Penny sipped her beer and Route 77 slipped by like it didn’t exist at all.
“Kamilopara-81. Only about 700 light years away. Virtually a next-door neighbor. Precarious could drive there without stopping.”
He revved the engine in appreciation.
“It’s not the star that’s interesting. I mean, all stars are interesting, but I mean it’s just a G-type like our sun. Well within the parameters of normal for a star of its kind. Right in the middle of its lifespan. Normal. If you didn’t look closely, you wouldn’t look at it twice. It’s not the star.”
Precarious flicked the turn signal and got to the right to let a hijacked ambulance go by.
“Kamilopara-81 is interesting because it has planets, at least two. Probably more, but only two confirmed–K1 and K2–and they’re in the Goldilocks Zone.”
“What’s that?’ Sheila asked.
“Not too hot, not too cold. And it depends on so many things! How hot the star is, and how much atmosphere the planet has, and a bunch of other stuff, but basically: if you’re too close, all you get is steam; if you’re too far away, all you get is ice. But if you’re juuuuuuust right, then you get water. And water is the stuff of life. Everywhere there’s water, there’s life. And K1 and K2 are in the Goldilocks Zone of Kamilopara-81.”
Precarious eased the Cadillac back into the fast lane so smoothly that no one noticed.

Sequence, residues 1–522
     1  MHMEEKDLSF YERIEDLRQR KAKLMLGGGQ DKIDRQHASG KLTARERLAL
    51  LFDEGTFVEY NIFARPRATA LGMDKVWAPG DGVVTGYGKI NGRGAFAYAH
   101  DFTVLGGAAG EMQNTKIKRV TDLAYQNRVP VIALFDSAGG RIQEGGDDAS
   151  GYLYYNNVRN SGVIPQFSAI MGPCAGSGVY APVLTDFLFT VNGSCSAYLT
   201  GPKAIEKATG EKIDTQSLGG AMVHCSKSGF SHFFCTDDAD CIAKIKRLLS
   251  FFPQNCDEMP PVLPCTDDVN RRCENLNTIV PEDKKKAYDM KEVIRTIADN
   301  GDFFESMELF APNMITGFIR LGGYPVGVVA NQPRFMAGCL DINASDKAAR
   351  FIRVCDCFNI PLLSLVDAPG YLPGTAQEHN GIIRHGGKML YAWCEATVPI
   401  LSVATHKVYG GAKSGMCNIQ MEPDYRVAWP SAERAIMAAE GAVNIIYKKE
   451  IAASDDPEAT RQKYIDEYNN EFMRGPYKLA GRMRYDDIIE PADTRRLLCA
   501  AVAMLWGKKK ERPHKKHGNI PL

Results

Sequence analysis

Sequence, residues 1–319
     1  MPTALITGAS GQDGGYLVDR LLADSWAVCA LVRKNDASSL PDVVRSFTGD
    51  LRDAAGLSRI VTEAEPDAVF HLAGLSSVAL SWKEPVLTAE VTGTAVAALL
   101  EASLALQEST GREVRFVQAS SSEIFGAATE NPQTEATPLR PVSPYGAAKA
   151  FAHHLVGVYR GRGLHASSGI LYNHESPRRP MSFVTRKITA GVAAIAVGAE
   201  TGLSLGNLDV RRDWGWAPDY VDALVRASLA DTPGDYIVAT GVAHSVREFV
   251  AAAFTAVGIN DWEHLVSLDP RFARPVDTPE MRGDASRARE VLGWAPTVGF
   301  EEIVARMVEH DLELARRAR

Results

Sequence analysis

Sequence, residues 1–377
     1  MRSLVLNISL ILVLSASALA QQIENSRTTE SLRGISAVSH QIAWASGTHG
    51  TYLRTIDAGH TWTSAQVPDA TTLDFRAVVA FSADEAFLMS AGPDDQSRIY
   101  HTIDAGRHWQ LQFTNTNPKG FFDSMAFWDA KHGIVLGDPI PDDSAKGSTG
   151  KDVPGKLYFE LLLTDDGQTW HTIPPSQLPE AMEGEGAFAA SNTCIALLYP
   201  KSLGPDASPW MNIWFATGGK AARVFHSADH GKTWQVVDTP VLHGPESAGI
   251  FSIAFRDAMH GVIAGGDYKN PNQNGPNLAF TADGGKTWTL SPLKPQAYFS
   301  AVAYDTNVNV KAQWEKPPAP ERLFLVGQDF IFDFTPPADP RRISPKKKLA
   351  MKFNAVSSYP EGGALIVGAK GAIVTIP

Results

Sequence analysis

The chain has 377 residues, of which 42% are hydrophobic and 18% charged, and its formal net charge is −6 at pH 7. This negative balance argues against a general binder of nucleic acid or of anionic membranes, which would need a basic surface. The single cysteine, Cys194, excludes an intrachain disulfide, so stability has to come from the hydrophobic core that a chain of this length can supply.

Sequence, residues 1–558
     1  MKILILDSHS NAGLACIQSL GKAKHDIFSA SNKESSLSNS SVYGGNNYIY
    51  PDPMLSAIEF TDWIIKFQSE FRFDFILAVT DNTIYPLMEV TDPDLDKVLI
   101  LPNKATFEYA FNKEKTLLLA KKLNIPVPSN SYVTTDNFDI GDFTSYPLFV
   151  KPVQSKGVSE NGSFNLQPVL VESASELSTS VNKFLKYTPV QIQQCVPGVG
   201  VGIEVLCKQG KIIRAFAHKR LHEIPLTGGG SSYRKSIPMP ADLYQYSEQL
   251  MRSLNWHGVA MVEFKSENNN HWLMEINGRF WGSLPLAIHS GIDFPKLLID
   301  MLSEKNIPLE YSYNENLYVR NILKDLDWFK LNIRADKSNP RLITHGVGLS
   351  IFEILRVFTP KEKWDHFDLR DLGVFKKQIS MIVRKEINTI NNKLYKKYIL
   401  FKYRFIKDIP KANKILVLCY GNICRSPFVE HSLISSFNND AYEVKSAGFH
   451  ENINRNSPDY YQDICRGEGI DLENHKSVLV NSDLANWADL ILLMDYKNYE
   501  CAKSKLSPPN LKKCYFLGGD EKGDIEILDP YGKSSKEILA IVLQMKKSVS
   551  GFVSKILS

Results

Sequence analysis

“But that’s not it, either. These two planets share an orbit. They’re exactly the same distance from the star, but on opposite sides of it. Same size, same chemical makeup. Twins. But the star’s in the way. Imagine a double of Earth, but while we were on New Year’s Day, they were on July 1st. No matter when you look up, the sun would block the view. They can’t see each other.
“So what you have to ask yourself is this: assuming life on those planets, assuming sentient life that can figure things out, where are they in their history? Because if there was a Counter-Earth rotating opposite of us, then we would have only been able to figure out its existence a couple hundred years ago. And we could have gotten there easily. All you would have to do is launch yourself out of our gravity well and lose a bit of velocity. The slower you go, the faster you’d get there. Way simpler than getting to the moon.
“The planets share an orbit, but we don’t know what else they share. Maybe they worked out a transplanetary culture. Or maybe they nuked each other. Maybe there’s babies from two worlds.
“Or could be they’re not there yet, and have absolutely no idea of what’s around the corner.”
Precarious tilted his head like he was thinking, because he was thinking, and then he reached past Sheila’s back to the glove compartment, opened it, reached in and found the metal box with Tom Mix stamped on it where he kept his joints, opened that, took one out, in his mouth, Zippo, PHWOO, closed the glove, settled back into the soft maroon seat of the 1977 Cadillac Fleetwood Brougham and kept the car between the lines. There were discussions to be had and diplomacy to be practiced, but he would not be involved in that; his job was driving, and Precarious Lee was good at his job, and so he took the women and the preacher to Jeremiad Springs, which is three days journey on horse from Little Aleppo, which is a neighborhood in America.